Out of all the garbage we produce as consumers, approximately one third is packaging. New state-of-the-art landfills are harder and harder to site. Because of the costs and environmental problems associated with the disposal of solid waste, there is growing concern and interest in reducing the amount of waste generated while increasing the amount of waste that is recycled and reused.

Packaging is one area where significant waste reduction can be accomplished. Packaging manufacturers, retailers, and consumers have a tremendous opportunity to make a valuable contribution to the overall resolution of these problems. And while there are certainly no absolute formulas or prescriptions for the packaging industry, it is also clear that the traditional view of package design, use, and disposal practices must change.

Working hand in hand, retailers, packagers, and consumers should voluntarily choose to aggressively pursue all possible waste reduction strategies, including waste prevention, reuse, and recycling.

Herman Miller, Inc. has saved over $1 million annually, in part, with reusable or cartonless furniture packaging. The company also holds workshops to educate employees about waste prevention.

Principles for Packaging Reduction

These are the principles that leading packaging firms have found successful in achieving substantial cost savings and effective waste reduction. Implement them in order of priority, if possible. There may be conflicts between competing goals, such as package minimization and use of recycled content. In general, if you cannot do both, select the option that results in the least amount of waste going to landfills.

Eliminate

The basic principle of waste prevention is that by preventing waste material from being produced in the first place, there will be less waste to manage. If possible, eliminate the package altogether, provided product integrity will not be jeopardized.

Reduce

Reduce the amount of packaging used. For those products that must be packaged, consider methods of reducing the amount of material used in the packaging. Minimal packaging can be accomplished through:

  • Product design changes (e.g., concentrates, different product structures).
  • Modifications to package design (e.g., structure of the package).
  • New or different types of packaging.
  • Single material packaging (e.g., one package component).
  • Development and use of consumable packages where appropriate. (Consumable packages are those which are eliminated in the process of using the product so that no packaging remains; an example would be the use of water soluble packets for a product that is to be mixed with water.)

Reuse

  • Design packages that are refillable or reusable.
  • Refillable packages may be refilled by either the consumer, retailer, or product producer from bulk or larger containers. To be considered refillable, packaging must be refilled or reused for its original purpose, rather than reused for a secondary purpose such as storing refrigerator leftovers or other limited applications.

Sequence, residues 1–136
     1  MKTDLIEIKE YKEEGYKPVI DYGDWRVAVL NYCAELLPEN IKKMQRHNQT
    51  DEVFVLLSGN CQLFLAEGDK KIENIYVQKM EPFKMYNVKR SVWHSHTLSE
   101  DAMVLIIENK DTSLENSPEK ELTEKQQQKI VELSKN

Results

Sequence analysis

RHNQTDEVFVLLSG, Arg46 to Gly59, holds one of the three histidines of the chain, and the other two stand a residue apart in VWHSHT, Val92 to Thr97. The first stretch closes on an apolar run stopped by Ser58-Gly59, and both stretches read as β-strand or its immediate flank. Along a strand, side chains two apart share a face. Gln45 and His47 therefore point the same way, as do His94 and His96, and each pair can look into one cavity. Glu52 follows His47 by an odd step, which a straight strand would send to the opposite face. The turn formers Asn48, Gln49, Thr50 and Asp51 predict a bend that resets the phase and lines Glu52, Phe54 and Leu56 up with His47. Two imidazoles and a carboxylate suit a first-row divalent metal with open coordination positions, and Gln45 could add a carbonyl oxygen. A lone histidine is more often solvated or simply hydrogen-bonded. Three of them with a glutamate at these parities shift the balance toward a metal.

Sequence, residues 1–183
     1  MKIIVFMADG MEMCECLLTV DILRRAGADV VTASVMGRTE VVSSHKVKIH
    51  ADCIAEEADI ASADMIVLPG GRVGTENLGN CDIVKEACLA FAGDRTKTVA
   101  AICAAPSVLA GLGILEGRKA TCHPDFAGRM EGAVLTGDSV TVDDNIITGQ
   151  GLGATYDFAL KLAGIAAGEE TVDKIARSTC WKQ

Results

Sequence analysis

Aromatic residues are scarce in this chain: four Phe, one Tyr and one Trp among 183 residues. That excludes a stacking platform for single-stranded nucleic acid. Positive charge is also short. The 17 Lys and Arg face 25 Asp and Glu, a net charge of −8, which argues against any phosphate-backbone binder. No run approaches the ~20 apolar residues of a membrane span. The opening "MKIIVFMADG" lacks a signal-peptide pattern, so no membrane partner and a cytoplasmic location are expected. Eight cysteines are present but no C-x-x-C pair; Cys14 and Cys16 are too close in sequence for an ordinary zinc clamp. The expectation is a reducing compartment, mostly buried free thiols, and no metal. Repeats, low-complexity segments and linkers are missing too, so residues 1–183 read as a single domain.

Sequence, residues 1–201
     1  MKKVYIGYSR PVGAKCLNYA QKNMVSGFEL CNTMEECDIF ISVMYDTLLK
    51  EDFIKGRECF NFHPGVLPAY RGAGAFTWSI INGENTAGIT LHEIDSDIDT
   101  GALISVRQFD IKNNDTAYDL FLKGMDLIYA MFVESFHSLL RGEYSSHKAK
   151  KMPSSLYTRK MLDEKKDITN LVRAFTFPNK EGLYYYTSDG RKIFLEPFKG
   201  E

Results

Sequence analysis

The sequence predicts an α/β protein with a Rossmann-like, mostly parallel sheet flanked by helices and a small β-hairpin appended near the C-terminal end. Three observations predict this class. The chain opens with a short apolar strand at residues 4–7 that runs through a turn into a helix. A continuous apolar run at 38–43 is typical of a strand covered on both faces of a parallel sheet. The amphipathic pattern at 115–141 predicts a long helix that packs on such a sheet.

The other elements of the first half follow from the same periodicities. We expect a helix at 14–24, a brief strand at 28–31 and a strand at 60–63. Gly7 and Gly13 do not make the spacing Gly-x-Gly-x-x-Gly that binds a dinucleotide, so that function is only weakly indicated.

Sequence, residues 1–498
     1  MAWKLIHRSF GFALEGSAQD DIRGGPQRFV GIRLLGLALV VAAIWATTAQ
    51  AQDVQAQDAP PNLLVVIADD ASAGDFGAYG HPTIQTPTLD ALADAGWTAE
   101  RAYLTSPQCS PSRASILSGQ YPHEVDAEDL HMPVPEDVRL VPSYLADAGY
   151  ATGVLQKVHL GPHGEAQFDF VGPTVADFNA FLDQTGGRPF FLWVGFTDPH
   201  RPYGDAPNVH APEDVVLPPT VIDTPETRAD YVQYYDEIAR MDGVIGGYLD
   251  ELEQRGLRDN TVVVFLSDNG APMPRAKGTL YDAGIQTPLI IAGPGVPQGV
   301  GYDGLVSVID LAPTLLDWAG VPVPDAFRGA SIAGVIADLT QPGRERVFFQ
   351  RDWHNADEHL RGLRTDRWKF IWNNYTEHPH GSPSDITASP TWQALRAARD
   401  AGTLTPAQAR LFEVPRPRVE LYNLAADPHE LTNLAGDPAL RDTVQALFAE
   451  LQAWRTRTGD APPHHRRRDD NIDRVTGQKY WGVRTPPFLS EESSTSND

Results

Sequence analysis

• Maximize the use of reusable packaging, including reusable transport packaging.

Recyclable Packaging and Recycled Content

Packaging should be designed to be compatible with available recycling systems. Labels, seals, tapes, closures, and so on, should also be compatible with commonrecycled material processing systems.

A material should be considered recyclable only if there is an economically viable and widely available system for collecting,processing, and marketing the material.

Use the maximum feasible amount of postconsumer, recycled material in the packaging.

A package that is designed to be both recycled and composed of recycled material is most preferable. However, regulatory restrictions (such as Rule 41 of the Uniform Freight Classification or Food and Drug Administration regulations) or structural considerations may limit the use of recycled content.

To the greatest extent possible, recycled content should be composed of post-consumer, recycled, waste material, that is, material which has served its intended end use and has been discarded by a business or consumer.

Packaging Analysis Checklist

Without compromising health, safety, or product-integrity standards or violating statutory or regulatory requirements, can the preferred packaging procurement practices be implemented? Following is a checklist for retailers or manufacturers to use with their vendors on all packaging: unit packaging, secondary packaging, and tertiary packaging (shipping containers).

  • Are there toxic materials in the packaging?
  • Can the toxic materials be eliminated?
  • Can non-toxic materials be substituted?
  • Can the package be eliminated?
  • Can the packaging be reduced through product design changes, package design changes, elimination of secondary package or wrapping material, decreasing size of packaging-to-product ratio, or other volume reduction?
  • Can the package be made returnable for reuse and redistribution?
  • Can the package be made to be refilled by a customer or consumer either from bulk or larger containers?
  • Is the package recyclable?
  • Can the package be made easier to recycle, by redesigning it to be composed predominantly of a single material?
  • If the packaging is made of more than one material, can the different materials be easily separated?
  • Does the packaging contain inks, dyes, or tints which can be removed to enhance recyclability?
  • Does the package contain the maximum feasible amount of postconsumer material?
  • Do you currently receive more than one type of flexible film (stretch wrap)?
  • To make in-store recycling easier, have you considered selecting one plastic material and asking your vendors to ship using only that material?

Source

Preferred Packaging Procurement Guidelines, Washington Retail Association, 1992